Death, as it is said, comes not to the living soul, nor age to the loving heart. Despite having been dead for 32 years, Nesta Robert “Bob” Marley, forever lives on in our hearts.
The king of reggae, the Jamaican rhythm guitarist and lead singer for the ska, rock steady and reggae bands, ‘Bob Marley & The Wailers’, was born on February 6, 1945 and died on May 11, 1981 after he lost his battle to cancer. He died at a ‘young age’ of 36.
Till date, he remains the icon and ‘godfather’ of reggae music. Even to fans that were born after his death, his music is appreciated. What a legend he is!
He sold more than 75 million albums worldwide. He was pivotal and instrumental to the worldwide acceptance of Jamaican music and the Rastafari movement whose culture was a key element in the development of reggae. His music was strongly influenced by his immediate environment that he became a hero figure in the classic mythological sense to the oppressed in Jamaica and beyond.
According to Cedella Marley who is Bob’s first daughter, “he made his reggae music to uplift us, inform, entertain, inspire, and make change in the world. He’s a musician, a poet and songwriter, a philosopher, a soldier, an activist and a leader.” We cannot but agree with what she said. He was an inspiration to the black movement. In his words, “Get up, stand up, Stand up for your rights. Get up, stand up, and don’t give up the fight.
As a musician, he gave the world a reason to relax and enjoy ourselves. As a poet and philosopher, he composed lyrics that will make the great Shakespeare grow green with envy. Just as he orated “Some people feel the rain. Others just get wet.This is a very deep saying. He basically saw beyond his immediate environment.
Being a Pan Africanist, his core message was the return of black people to Zion, which in his view was Ethiopia, or more generally, Africa. He considered himself as a black African despite being of mixed descent. His father was a White Jamaican, whose family came from Sussex, England while his mother was an Afro-Jamaican.
As a soldier and activist, he was armed with his songs to liberate the people of Jamaica. At a point in time in his life, precisely December 3, 1976, Marley was marked for assassination by the political class. He was seen as a powerful voice that must be silenced.
In his usual self, when asked why he still came to perform for a show he was billed to perform (he was actually attacked prior to the show and had minor injuries to his chest), he said “the people who are trying to make this world worse aren’t taking a day off. How can I?” This totally shows the kind of person he was – he wanted to make the world a better place at all cost.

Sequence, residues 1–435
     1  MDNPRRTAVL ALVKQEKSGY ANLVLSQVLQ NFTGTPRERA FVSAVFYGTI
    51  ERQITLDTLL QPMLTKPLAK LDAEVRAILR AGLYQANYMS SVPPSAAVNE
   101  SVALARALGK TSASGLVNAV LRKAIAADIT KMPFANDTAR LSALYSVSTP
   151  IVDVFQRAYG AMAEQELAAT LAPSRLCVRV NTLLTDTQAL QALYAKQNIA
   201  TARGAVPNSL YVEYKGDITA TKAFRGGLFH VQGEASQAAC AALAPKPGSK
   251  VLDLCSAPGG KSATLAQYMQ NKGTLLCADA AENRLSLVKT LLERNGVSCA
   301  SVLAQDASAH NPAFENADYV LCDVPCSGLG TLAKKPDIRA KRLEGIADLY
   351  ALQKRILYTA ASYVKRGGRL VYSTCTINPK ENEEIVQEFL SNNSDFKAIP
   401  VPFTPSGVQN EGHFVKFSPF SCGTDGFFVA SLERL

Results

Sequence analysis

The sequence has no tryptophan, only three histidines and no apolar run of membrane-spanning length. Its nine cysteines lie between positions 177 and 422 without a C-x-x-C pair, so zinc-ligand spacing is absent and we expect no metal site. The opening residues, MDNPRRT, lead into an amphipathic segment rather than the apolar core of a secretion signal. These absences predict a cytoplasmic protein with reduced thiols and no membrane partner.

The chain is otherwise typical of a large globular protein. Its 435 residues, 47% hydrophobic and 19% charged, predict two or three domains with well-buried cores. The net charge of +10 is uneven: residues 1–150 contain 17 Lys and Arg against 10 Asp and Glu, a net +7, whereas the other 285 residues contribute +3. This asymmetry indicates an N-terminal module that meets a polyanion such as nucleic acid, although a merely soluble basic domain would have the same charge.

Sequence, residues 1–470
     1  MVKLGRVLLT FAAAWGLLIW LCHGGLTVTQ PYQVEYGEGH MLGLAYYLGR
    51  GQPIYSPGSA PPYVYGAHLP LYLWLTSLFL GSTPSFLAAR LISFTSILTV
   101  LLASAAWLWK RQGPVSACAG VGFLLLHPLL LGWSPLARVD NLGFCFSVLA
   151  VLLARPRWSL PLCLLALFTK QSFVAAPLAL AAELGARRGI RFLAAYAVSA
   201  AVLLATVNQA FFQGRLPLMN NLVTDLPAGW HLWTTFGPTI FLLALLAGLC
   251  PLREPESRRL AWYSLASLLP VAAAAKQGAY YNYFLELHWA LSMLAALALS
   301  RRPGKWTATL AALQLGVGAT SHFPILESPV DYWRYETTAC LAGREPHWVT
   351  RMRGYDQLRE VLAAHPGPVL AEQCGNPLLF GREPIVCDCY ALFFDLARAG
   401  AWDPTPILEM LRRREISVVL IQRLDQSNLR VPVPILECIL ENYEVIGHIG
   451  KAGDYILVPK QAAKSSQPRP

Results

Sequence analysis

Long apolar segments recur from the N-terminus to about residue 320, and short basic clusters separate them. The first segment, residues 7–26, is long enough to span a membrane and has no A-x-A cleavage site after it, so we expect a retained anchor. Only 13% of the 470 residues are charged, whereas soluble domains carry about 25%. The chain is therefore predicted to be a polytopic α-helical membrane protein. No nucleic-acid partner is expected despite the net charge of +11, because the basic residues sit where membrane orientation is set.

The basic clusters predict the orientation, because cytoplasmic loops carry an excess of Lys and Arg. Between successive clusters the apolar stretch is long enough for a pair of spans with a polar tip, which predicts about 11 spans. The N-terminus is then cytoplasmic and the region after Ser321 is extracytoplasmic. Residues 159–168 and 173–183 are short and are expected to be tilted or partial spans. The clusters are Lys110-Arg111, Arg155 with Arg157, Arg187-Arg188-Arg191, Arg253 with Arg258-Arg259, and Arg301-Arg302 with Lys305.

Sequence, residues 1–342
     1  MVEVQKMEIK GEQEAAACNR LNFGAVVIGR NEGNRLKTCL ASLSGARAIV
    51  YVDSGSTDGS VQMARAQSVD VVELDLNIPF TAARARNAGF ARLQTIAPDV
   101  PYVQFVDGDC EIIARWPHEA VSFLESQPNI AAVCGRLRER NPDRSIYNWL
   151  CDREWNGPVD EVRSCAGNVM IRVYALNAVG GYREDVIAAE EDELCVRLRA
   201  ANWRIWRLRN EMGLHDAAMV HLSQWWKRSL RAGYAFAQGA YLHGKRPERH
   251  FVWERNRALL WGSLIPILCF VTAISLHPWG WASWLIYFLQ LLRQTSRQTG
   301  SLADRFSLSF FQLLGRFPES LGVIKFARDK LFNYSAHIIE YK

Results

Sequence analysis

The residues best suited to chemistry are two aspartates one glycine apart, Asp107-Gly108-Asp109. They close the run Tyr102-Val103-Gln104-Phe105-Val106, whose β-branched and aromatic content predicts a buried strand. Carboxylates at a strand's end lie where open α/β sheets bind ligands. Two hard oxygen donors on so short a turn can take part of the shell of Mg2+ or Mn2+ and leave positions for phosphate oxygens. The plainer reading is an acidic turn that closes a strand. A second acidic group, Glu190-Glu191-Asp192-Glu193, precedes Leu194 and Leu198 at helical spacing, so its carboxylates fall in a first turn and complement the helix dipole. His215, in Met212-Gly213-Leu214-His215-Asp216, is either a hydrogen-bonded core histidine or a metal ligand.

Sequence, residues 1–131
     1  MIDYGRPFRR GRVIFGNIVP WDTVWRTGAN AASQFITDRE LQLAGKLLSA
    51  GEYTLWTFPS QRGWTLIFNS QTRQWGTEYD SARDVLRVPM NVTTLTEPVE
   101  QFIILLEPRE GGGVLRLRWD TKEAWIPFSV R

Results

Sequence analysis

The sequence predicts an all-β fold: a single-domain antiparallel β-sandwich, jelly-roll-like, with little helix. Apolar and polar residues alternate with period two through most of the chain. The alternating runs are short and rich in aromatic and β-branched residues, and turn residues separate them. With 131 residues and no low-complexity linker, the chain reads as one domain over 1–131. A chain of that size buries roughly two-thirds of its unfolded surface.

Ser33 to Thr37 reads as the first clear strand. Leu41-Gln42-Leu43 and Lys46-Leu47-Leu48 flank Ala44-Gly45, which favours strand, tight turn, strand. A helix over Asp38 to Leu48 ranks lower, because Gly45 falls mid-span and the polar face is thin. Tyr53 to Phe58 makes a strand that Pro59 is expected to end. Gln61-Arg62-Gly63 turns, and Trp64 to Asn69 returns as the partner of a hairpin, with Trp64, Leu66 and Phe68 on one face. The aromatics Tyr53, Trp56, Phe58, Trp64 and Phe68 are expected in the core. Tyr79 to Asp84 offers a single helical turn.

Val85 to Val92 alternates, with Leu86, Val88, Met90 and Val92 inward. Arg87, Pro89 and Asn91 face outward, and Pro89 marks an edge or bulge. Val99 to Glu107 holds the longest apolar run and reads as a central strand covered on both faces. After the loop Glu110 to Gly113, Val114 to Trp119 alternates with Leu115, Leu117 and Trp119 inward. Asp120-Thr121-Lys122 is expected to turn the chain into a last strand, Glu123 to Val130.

The greatness of a man is not in how much wealth he acquires, but in his integrity and his ability to affect those around him positively. With this, Bob Marley influenced several people and this remains incomparable, regardless of race, colour or creed. His radical yet unifying music, challenging imperialism, racial discrimination, “fighting against ism and scism” as he sang in “One Drop”, has had insightful effects even in countries where English isn’t widely spoken. He was so much into music that he once opined that “One good thing about music, when it hits you, you feel no pain”. He felt no pain even in the face of death and adversities.
His best-known hits include “I Shot the Sheriff”, “No Woman, No Cry”, “Could You Be Loved”, “Duppy Conqueror”, “Stir It Up”, “Get Up Stand Up”, “Jamming”, “Redemption Song”, “One Love”, and “Three Little Birds”, as well as the posthumous releases “Buffalo Soldier” and “Iron Lion Zion”. The compilation album Legend (1984), released three years after his death, is reggae’s best-selling album, going ten times Platinum which is also known as one Diamond in the U.S., and selling 25 million copies worldwide.
As we celebrate his death today, we are grateful he graced this world and showed us the way in his own way. He believed no one but ourselves can free our minds. He fought for the liberation of the poor masses and as has been a major influence for activists. He may be dead but his songs are still evergreen and will remain so. His songs will continue to inspire us, uplift us as well as entertain us. Adios Bob. You will never be forgotten. You remain evergreen.
NB: The original article was written three years ago when we celebrated his 32nd death anniversary. I simply changed the title to read 35 years. The original article was written by me as well. This is reproduction.